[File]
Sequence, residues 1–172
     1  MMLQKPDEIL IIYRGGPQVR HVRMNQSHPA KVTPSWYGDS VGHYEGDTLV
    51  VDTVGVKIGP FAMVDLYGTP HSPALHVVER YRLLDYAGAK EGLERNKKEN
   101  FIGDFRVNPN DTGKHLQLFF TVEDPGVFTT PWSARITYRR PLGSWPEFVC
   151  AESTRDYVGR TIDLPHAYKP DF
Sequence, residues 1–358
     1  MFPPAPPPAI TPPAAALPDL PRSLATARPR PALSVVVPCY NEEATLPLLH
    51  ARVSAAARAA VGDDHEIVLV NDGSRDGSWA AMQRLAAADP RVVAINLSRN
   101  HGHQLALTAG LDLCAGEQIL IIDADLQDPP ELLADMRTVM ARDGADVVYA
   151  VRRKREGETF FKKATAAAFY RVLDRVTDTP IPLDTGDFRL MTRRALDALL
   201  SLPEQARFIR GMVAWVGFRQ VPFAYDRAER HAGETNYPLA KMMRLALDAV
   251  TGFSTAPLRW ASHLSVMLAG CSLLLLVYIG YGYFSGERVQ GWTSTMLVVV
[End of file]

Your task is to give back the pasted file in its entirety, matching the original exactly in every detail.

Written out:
Sequence, residues 1–172
     1  MMLQKPDEIL IIYRGGPQVR HVRMNQSHPA KVTPSWYGDS VGHYEGDTLV
    51  VDTVGVKIGP FAMVDLYGTP HSPALHVVER YRLLDYAGAK EGLERNKKEN
   101  FIGDFRVNPN DTGKHLQLFF TVEDPGVFTT PWSARITYRR PLGSWPEFVC
   151  AESTRDYVGR TIDLPHAYKP DF
Sequence, residues 1–358
     1  MFPPAPPPAI TPPAAALPDL PRSLATARPR PALSVVVPCY NEEATLPLLH
    51  ARVSAAARAA VGDDHEIVLV NDGSRDGSWA AMQRLAAADP RVVAINLSRN
   101  HGHQLALTAG LDLCAGEQIL IIDADLQDPP ELLADMRTVM ARDGADVVYA
   151  VRRKREGETF FKKATAAAFY RVLDRVTDTP IPLDTGDFRL MTRRALDALL
   201  SLPEQARFIR GMVAWVGFRQ VPFAYDRAER HAGETNYPLA KMMRLALDAV
   251  TGFSTAPLRW ASHLSVMLAG CSLLLLVYIG YGYFSGERVQ GWTSTMLVVV